Accepting People Who Will Never Change

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The last time someone took something of yours without permission or mistreated you in one way or another, you forgave them. After explaining to them what they did wrong to you and listening to their half-hearted explanation, you accepted their quasi-apology and let them back into your life. Yet their undesirable character traits continue to shine. They’ve lied to you again after saying they wouldn’t; or maybe something of yours has come up missing. In either case, that person has broken their promise again. You have to realize that some people will never change, no matter what, and you must either accept it or remove them from your life.

I knew of a man who everyone accused against his agreement that he was a fall-down alcoholic. The first time I saw the man, he was intoxicated and nude in public and being pursued by the police. When this man died many years later, he did so with a blood alcohol level three times the legal limit on a very public street in his birthday suit. It was no coincidence he died under these circumstances and that these were similar to the circumstances under which I met him for the first time.

First impressions are like life audits.”

Some people say first impressions last a lifetime, and they do. I like to think of first impressions like life audits. That is, when you meet most people in your life, it won’t be planned. You’ll meet the sloppy coworker for the first time, and he’ll like have a brown stain of coffee on his shirt. Sassy Susan is likely going to yap your ears off. I use these archetypes as examples of meeting people on their terms — as who they are. The sloppy coworker will say to you, “Excuse the coffee stain; I usually keep a clean shirt.” In reality, this coworker is sloppy. That’s who he is. So, if you meet someone for the first time who’s screaming his ears off at his employees, he’s probably a yeller, and you’re soon to be his next victim. Nothing you say will change the yeller into a whisperer.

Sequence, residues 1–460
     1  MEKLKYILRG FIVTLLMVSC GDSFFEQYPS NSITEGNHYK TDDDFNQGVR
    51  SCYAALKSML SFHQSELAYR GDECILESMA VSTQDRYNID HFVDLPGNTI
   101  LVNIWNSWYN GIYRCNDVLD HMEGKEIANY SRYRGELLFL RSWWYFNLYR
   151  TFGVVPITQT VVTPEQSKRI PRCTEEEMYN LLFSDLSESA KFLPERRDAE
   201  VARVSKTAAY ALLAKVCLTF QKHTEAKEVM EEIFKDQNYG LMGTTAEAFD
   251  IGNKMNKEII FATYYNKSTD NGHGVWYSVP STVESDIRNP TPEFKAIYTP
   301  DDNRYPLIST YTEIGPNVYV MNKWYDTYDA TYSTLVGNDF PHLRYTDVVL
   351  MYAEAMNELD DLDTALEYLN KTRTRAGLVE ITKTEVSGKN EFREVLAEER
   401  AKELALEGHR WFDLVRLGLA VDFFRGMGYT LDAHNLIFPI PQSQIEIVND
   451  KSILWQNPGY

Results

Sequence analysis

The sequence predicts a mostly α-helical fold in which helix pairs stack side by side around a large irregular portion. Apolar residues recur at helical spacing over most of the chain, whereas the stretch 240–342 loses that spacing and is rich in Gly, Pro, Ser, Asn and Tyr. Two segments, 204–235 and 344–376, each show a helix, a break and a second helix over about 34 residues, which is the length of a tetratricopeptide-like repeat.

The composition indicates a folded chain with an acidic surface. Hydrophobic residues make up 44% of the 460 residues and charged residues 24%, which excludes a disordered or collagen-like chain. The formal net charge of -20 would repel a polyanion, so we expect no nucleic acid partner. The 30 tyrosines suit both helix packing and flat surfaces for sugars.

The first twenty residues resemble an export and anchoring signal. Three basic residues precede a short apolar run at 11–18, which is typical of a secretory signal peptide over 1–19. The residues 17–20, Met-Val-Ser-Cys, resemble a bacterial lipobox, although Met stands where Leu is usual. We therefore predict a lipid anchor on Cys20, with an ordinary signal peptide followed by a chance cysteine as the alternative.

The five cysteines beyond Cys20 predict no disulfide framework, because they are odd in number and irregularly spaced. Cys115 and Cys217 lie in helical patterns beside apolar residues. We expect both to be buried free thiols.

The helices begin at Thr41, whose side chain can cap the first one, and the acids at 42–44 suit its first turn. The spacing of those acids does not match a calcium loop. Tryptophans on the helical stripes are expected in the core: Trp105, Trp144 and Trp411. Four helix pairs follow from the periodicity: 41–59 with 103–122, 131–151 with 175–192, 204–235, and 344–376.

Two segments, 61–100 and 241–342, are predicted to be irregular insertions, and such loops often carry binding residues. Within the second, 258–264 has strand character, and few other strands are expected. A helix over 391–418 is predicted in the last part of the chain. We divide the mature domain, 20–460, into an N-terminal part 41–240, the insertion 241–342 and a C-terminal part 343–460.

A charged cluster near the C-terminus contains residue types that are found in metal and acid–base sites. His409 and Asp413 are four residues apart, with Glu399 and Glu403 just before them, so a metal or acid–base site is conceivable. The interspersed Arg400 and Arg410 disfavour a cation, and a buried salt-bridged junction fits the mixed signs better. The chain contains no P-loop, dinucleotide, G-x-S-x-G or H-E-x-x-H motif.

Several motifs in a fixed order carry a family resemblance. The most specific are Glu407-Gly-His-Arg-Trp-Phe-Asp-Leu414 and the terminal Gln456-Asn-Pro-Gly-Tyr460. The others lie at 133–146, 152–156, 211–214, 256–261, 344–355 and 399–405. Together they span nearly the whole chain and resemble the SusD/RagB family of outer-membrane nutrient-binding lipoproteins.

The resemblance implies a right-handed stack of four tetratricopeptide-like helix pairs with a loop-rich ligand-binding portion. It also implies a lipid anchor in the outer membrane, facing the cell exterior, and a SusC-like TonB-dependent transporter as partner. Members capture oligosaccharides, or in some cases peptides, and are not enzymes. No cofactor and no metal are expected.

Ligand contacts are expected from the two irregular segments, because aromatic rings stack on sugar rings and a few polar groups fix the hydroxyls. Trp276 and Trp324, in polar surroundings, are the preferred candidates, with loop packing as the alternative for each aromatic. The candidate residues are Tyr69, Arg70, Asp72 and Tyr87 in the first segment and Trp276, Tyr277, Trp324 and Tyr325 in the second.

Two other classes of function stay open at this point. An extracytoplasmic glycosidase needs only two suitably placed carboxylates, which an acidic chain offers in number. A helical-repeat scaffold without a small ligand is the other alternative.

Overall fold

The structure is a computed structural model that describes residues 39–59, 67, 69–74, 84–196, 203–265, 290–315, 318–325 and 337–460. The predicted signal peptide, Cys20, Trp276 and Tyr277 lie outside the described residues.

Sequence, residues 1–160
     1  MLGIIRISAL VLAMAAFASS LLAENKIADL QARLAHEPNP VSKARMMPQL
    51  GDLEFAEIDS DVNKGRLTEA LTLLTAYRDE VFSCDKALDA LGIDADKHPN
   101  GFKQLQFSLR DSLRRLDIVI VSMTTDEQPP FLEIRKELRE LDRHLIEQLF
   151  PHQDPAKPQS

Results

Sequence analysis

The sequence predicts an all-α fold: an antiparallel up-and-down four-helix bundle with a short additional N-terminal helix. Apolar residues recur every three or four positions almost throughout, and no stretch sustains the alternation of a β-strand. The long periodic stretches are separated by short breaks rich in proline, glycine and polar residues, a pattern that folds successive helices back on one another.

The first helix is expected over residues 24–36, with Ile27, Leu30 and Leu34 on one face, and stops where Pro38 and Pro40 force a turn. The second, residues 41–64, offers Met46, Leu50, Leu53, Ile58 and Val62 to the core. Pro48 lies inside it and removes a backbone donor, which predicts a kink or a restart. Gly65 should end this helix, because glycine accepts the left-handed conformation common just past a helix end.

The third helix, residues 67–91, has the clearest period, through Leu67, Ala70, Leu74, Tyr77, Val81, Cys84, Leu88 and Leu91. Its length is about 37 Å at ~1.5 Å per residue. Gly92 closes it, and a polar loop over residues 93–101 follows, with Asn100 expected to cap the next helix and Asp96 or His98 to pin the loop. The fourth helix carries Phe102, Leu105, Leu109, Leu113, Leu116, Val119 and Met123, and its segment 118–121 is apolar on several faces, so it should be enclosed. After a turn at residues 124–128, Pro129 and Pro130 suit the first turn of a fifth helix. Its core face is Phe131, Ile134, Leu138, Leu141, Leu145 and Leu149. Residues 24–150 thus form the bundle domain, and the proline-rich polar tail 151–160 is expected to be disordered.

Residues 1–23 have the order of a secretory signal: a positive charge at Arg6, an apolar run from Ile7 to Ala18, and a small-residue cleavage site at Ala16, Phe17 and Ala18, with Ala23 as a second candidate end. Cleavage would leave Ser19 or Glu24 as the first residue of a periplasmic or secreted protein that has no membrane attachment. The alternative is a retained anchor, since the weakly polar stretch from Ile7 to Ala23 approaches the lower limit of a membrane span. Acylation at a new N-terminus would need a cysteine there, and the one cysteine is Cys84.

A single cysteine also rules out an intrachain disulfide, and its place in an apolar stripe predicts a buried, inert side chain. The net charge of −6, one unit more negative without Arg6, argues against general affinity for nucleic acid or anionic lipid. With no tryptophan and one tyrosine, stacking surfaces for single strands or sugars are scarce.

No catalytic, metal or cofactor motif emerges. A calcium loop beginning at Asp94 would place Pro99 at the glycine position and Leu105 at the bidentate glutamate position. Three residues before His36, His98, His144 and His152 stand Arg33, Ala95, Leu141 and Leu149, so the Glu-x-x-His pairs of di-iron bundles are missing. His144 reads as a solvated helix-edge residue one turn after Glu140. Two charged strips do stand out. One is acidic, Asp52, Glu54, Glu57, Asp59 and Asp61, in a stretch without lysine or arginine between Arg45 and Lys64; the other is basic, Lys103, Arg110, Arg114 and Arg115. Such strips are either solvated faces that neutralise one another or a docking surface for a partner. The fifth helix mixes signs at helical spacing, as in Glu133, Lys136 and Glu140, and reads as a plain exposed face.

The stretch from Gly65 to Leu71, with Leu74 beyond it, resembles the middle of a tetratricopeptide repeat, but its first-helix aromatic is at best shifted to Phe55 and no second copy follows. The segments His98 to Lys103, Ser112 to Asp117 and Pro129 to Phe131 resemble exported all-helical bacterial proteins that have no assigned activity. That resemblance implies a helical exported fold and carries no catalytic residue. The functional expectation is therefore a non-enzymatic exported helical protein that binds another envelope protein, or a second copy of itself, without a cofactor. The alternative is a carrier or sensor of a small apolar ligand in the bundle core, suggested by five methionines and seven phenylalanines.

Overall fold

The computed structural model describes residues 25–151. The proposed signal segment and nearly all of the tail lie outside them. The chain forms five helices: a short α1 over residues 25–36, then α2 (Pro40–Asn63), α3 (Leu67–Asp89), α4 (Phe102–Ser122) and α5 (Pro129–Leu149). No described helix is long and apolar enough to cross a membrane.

“…when your brother or sister passes away, will it matter who started the argument.”

That said, we have standards and expectations in our life, and we should. In fifty years, though, when your brother or sister passes away, will it matter who started the argument in 2002 that led to the family fight? Will you be able to replace those missed moments smothered by huge egos and the inability to apologize? Or will you accept that person back into your life, the same one who mistreated you, lied to you and refused to apologize?

We tend to use loosely the words “family” and “friends.” To be sure, some would contend that blood relation doesn’t make people family. If you disagree, how likely are you to claim a distant cousin you’ve never met who may be a psycho? Depending on your relationship or experiences with your family, you may or may not claim this person as your own family. Your moral scale must be aligned properly. Understand what you stand to lose from a petty argument. Sometimes, you lose more than just a friend or family member when it comes to real circumstances such as paying back a loan or just having someone be there for you in your time of need. But some people are more trouble than they’re worth. Friend or family, for those who won’t change for the better, you’ve probably outgrown them, and it’s time to move on.

Published by J Reed

J Reed is a Chicago-based fiction writer. When he isn't making a pretense of writing to avoid real work, he is making a pretense of really working. Please comment or email him at jdabossreed@gmail.com .

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